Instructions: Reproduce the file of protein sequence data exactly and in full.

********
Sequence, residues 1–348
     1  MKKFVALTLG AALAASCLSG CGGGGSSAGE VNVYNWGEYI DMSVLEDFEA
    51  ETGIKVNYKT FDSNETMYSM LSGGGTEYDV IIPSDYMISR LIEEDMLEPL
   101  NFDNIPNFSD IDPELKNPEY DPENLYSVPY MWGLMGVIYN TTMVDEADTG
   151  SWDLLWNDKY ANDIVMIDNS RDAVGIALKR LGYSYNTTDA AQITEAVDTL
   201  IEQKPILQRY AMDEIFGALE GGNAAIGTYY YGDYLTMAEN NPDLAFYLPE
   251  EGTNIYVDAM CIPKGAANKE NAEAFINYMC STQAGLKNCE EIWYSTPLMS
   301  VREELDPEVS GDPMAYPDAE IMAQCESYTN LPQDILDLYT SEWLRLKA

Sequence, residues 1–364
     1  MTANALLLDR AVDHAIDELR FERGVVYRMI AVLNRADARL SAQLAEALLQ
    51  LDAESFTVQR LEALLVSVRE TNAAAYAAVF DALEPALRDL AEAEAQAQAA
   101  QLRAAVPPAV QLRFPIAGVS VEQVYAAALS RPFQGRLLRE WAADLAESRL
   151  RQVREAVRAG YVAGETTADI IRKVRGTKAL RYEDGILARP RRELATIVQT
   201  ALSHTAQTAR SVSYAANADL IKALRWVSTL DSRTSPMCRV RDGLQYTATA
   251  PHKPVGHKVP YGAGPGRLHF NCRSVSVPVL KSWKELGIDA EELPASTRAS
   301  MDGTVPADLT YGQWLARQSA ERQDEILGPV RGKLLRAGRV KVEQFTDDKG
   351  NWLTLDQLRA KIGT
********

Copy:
Sequence, residues 1–348
     1  MKKFVALTLG AALAASCLSG CGGGGSSAGE VNVYNWGEYI DMSVLEDFEA
    51  ETGIKVNYKT FDSNETMYSM LSGGGTEYDV IIPSDYMISR LIEEDMLEPL
   101  NFDNIPNFSD IDPELKNPEY DPENLYSVPY MWGLMGVIYN TTMVDEADTG
   151  SWDLLWNDKY ANDIVMIDNS RDAVGIALKR LGYSYNTTDA AQITEAVDTL
   201  IEQKPILQRY AMDEIFGALE GGNAAIGTYY YGDYLTMAEN NPDLAFYLPE
   251  EGTNIYVDAM CIPKGAANKE NAEAFINYMC STQAGLKNCE EIWYSTPLMS
   301  VREELDPEVS GDPMAYPDAE IMAQCESYTN LPQDILDLYT SEWLRLKA

Sequence, residues 1–364
     1  MTANALLLDR AVDHAIDELR FERGVVYRMI AVLNRADARL SAQLAEALLQ
    51  LDAESFTVQR LEALLVSVRE TNAAAYAAVF DALEPALRDL AEAEAQAQAA
   101  QLRAAVPPAV QLRFPIAGVS VEQVYAAALS RPFQGRLLRE WAADLAESRL
   151  RQVREAVRAG YVAGETTADI IRKVRGTKAL RYEDGILARP RRELATIVQT
   201  ALSHTAQTAR SVSYAANADL IKALRWVSTL DSRTSPMCRV RDGLQYTATA
   251  PHKPVGHKVP YGAGPGRLHF NCRSVSVPVL KSWKELGIDA EELPASTRAS
   301  MDGTVPADLT YGQWLARQSA ERQDEILGPV RGKLLRAGRV KVEQFTDDKG
   351  NWLTLDQLRA KIGT